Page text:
How Insurance Is Morphing With the Terror Threat: QuickTake Q&A

From

Medics deploy at the scene of an explosion during an Ariana Grande concert in Manchester, England on May 23, 2017.

PAUL ELLIS/Getty Images

When terrorists strike in Tehran or London, in Paris or Manchester, England, the toll typically is measured by the lives lost and injuries caused. Certainly that’s the gravest tally. Yet terrorism extracts a wider cost to victimized communities in terms of economic waste -- the lost productivity of those killed and wounded, the expense of rehabilitating and caring for the injured, damages to property, income lost to disrupted commerce. Insurers, who make sure such risks are widely shared, have had to adapt their policies, and they increasingly lean on government backing.

1. Do standard insurance policies pay for terror damages?

Typically yes, if the damage is to buildings and vehicles owned by individuals. Coverage of business properties has become more complicated. In most Western countries, insurers these days provide that kind of coverage only with government help.

2. Why is that?

U.K. insurers began excluding terrorism damages from ordinary commercial coverage after the Irish Republican Army, in 1992, exploded the biggest bomb in London since World War II, destroying one building and damaging 15 others in the city’s financial district. Insurers in most other countries did the same following the terrorist attacks on the U.S. by al-Qaeda on Sept. 11, 2001, which killed 2,977 people, destroyed two skyscrapers and four airplanes, and smashed the Pentagon. Commercial-property insurers worried that potential claims from future attacks could exceed their capital. Their fears were exacerbated by reports that al-Qaeda sought chemical, biological and nuclear weapons.

3. How did insurers adapt?

With government help, they formed so-called terror pools, a means to offer terrorism coverage to businesses. If damages paid out by these pools, which are often funded by insurers, exceed their reserves, the government fills the gap. Typically, the pool is required to repay the government with future revenue. Such pools include Pool Re in the U.K., the Terrorism Risk Insurance Act (TRIA) in the U.S., Extremus Versicherungs-AG in Germany and Gestion de l’Assurance et de la Reassurance des risques Attentats et actes de Terrorisme (GAREAT) in France.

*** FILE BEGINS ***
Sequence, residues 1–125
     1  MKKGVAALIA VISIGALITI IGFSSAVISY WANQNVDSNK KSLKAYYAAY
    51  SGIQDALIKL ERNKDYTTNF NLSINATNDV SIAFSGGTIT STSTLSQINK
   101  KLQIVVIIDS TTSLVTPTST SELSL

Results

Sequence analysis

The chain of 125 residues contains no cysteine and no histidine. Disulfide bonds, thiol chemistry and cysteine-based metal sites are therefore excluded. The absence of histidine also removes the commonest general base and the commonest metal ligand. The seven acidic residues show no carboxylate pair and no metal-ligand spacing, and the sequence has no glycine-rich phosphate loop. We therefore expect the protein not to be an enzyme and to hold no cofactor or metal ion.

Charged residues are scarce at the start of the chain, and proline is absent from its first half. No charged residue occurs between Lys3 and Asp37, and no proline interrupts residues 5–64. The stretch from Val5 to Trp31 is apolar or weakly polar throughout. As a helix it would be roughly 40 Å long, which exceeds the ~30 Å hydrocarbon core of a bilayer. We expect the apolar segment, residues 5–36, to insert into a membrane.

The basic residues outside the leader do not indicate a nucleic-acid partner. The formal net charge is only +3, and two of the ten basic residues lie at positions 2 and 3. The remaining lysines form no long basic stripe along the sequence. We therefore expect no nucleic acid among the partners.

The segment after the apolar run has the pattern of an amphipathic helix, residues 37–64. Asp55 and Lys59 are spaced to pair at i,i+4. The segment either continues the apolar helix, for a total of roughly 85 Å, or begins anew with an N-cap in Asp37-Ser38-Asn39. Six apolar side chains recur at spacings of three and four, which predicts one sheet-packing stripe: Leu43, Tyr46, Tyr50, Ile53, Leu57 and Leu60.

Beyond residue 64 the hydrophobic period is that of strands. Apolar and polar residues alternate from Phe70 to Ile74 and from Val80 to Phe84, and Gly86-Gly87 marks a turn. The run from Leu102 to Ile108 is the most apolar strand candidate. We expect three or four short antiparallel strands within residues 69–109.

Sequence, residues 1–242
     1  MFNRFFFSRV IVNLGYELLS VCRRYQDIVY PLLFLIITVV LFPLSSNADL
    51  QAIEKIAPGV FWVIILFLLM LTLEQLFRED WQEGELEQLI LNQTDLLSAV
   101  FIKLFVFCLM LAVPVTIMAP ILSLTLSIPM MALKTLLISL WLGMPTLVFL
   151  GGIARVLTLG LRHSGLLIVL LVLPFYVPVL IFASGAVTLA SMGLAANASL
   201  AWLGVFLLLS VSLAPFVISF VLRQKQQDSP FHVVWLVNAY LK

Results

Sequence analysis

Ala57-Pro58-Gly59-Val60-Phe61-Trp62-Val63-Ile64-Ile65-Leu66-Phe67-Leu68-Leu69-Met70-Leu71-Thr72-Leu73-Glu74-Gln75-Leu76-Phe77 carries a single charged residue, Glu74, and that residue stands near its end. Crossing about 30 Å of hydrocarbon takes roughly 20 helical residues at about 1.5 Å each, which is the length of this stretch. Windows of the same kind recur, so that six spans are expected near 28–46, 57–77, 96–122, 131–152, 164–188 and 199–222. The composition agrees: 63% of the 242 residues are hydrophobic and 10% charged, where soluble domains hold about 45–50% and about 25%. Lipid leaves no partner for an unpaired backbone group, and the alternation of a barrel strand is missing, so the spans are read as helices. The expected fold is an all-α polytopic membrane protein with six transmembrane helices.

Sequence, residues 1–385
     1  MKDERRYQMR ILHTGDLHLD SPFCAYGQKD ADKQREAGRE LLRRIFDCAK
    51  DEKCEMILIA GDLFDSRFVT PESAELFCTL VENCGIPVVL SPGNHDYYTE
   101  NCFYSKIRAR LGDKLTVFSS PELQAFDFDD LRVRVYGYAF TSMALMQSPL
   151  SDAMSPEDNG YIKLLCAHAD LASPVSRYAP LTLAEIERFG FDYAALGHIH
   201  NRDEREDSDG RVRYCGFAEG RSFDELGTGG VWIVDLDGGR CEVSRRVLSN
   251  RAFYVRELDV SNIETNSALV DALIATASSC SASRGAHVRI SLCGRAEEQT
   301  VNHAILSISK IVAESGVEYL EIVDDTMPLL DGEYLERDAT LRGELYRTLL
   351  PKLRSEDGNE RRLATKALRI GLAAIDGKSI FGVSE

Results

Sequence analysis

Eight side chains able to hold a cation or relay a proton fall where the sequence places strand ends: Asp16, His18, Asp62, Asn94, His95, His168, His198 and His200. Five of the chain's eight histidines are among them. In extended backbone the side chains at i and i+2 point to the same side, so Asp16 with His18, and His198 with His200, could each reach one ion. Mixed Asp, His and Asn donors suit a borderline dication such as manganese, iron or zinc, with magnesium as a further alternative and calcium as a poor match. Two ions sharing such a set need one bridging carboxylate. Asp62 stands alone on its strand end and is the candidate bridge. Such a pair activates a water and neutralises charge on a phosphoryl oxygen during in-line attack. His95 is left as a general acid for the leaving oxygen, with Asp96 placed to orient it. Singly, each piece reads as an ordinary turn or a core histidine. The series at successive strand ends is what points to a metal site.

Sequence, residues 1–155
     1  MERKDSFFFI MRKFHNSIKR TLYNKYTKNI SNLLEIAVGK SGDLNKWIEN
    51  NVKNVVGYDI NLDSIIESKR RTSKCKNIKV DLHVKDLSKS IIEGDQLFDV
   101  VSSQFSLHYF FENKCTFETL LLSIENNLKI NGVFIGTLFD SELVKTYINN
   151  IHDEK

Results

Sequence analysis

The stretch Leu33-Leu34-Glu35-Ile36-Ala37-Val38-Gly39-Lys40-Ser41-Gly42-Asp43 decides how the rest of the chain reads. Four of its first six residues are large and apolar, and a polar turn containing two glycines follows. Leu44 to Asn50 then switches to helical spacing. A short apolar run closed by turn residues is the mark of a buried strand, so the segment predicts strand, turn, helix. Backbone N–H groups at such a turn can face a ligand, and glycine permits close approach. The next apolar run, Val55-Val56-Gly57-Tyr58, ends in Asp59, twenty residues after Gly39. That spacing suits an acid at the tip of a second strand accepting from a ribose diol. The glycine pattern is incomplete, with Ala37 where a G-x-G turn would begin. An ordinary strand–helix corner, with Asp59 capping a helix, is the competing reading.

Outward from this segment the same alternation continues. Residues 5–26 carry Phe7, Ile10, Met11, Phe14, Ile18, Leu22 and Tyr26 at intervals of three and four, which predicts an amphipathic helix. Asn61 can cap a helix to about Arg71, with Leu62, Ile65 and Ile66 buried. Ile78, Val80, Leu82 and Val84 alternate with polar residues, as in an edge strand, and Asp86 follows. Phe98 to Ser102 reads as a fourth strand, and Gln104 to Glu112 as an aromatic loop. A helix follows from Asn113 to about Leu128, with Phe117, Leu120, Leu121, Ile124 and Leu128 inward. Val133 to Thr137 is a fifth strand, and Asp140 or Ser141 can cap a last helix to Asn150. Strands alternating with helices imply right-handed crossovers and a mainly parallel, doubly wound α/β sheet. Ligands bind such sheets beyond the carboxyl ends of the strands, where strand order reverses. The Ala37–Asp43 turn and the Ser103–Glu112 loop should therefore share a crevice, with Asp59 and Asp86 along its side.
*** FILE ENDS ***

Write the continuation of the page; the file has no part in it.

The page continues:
4. Does coverage backed by pools have limits?

Yes. TRIA in the U.S., for example, only pays if officials declare an event to be a terrorist act and aggregate property and casualty insurance losses from it exceed $5 million. A risk that might be excluded from a pool’s coverage is an interruption of business -- for example, if a company can’t operate because it’s within a security cordon after an attack or because its supplier has been hit. Germany’s pool limits overall payouts to 10 billion euros ($11.3 billion) per year while the U.S.’s has a cap of $100 billion for 2016 rising to $200 billion by 2020 and beyond. To fill such gaps, some insurers offer specialized terrorism insurance. They include units of American International Group Inc.XL Group Ltd. and Lloyd’s of London.

5. What about coverage for death and injury?

Typically, terror isn’t excluded from life and health insurance coverage. Yet some insurers exclude or limit payments for terror attacks that occur in a war zone. Biological, chemical, nuclear and radioactive attacks may also be exempt from coverage. As always with insurance, the details of the policy matter.

6. Is insurance the only source of compensation?

Governments typically help out where insurance doesn’t apply. After last year’s truck attack on a Christmas market in Berlin that killed 12 people and injured more than 50, the German government made payments to victims and their survivors to step in for costs that weren’t covered by insurers, including funeral expenses and lost income and pensions for those who had lost a spouse or parent. In the U.S., a victim compensation fund was created after the Sept. 11 attacks for those who were injured and for the survivors of those killed.

7. How costly could a terror attack be?

That’s hard to quantify. But a worst-case scenario of terrorists using a weapon of mass destruction in a crowded city such as New York could well produce damages exceeding the capital available in the insurance industry. So far, Sept. 11 resulted in the largest payout by the insurance industry for terror damages, producing $43.6 billion in property, life and liability insurance claims, which is roughly the gross domestic product of Slovenia. That made it the second costliest insurance event in history, second only to 2005’s Hurricane Katrina, which cost the industry $49 billion. The second-most costly terror-related claim for insurers was the 1993 Bishopsgate truck bombing in London by the Irish Republican Army. That led to property damage claims of about $1.2 billion. Pool Re paid for that and still counts it as its largest claim.

The Reference Shelf

    Before it's here, it's on the Bloomberg Terminal.
    LEARN MORE